Cognitive Computation

, Volume 8, Issue 5, pp 924–934 | Cite as

A Bio-Inspired Incremental Learning Architecture for Applied Perceptual Problems

Article

Abstract

We present a biologically inspired architecture for incremental learning that remains resource-efficient even in the face of very high data dimensionalities (>1000) that are typically associated with perceptual problems. In particular, we investigate how a new perceptual (object) class can be added to a trained architecture without retraining, while avoiding the well-known catastrophic forgetting effects typically associated with such scenarios. At the heart of the presented architecture lies a generative description of the perceptual space by a self-organized approach which at the same time approximates the neighborhood relations in this space on a two-dimensional plane. This approximation, which closely imitates the topographic organization of the visual cortex, allows an efficient local update rule for incremental learning even in the face of very high dimensionalities, which we demonstrate by tests on the well-known MNIST benchmark. We complement the model by adding a biologically plausible short-term memory system, allowing it to retain excellent classification accuracy even under incremental learning in progress. The short-term memory is additionally used to reinforce new data statistics by replaying previously stored samples during dedicated “sleep” phases.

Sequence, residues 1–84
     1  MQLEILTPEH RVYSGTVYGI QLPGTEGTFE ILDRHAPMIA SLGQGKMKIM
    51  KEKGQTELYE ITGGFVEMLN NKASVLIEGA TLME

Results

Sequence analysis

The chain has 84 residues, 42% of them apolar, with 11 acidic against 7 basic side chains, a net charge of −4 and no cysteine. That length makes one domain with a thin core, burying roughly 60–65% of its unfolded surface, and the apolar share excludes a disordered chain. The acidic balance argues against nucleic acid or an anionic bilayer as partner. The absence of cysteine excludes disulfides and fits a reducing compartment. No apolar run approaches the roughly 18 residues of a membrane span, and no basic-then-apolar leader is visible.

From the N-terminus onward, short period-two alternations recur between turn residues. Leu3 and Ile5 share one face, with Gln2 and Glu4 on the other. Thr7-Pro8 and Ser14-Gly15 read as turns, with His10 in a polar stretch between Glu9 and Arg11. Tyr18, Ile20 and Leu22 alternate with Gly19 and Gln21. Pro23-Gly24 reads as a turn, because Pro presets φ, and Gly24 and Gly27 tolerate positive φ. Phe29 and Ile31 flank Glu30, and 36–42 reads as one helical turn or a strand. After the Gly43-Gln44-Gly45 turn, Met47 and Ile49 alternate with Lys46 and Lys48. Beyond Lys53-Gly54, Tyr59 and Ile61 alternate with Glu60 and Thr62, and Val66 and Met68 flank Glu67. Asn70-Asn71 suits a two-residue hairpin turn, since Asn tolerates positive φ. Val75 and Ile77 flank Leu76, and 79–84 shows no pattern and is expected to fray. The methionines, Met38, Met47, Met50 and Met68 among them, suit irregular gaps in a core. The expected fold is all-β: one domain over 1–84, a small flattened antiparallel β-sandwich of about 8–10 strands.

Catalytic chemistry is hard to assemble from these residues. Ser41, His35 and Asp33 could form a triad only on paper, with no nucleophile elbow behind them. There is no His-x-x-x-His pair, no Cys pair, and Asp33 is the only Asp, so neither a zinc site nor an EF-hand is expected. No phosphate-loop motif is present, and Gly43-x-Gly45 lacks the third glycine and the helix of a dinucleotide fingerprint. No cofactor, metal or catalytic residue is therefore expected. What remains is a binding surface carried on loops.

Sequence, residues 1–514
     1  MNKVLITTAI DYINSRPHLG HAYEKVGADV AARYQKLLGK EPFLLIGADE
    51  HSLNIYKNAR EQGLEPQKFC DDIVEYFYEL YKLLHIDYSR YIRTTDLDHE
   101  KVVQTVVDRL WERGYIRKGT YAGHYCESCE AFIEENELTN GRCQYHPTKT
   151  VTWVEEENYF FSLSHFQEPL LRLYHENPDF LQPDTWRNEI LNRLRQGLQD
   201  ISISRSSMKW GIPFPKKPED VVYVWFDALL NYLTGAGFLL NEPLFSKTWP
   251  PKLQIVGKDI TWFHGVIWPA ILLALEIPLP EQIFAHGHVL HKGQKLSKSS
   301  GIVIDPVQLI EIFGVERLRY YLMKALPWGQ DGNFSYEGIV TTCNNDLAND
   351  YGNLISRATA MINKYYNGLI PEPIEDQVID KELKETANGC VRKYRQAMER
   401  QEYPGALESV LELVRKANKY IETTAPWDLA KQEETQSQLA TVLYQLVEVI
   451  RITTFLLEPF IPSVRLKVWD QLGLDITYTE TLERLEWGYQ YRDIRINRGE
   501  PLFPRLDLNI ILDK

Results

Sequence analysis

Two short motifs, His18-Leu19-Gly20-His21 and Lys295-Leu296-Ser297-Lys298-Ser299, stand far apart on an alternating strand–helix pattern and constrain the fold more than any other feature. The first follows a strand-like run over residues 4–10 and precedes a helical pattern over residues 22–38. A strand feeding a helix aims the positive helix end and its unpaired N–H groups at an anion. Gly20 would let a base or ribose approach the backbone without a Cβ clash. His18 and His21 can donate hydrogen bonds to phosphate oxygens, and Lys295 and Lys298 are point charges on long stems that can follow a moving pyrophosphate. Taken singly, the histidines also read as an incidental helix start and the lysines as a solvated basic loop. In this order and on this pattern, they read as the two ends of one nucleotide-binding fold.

Keywords

Perceptual learning Self-organization Incremental learning Biological modeling 

Notes

Compliance with Ethical Standards

Conflict of Interest

Alexander Gepperth and Cem Karagouz declare that they have no conflict of interest.

Informed Consent

All procedures followed were in accordance with the ethical standards of the responsible committee on human experimentation (institutional and national) and with the Helsinki Declaration of 1975, as revised in 2008 (5). Additional informed consent was obtained from all patients for which identifying information is included in this article.

Human and Animals Rights

This article does not contain any studies with human participants or animals performed by any of the authors.

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Copyright information

© Springer Science+Business Media New York 2016

Authors and Affiliations

  1. 1.ENSTA ParisTechUIIS Lab University of Paris-SaclayPalaiseauFrance
  2. 2.INRIA FLOWERSTalenceFrance

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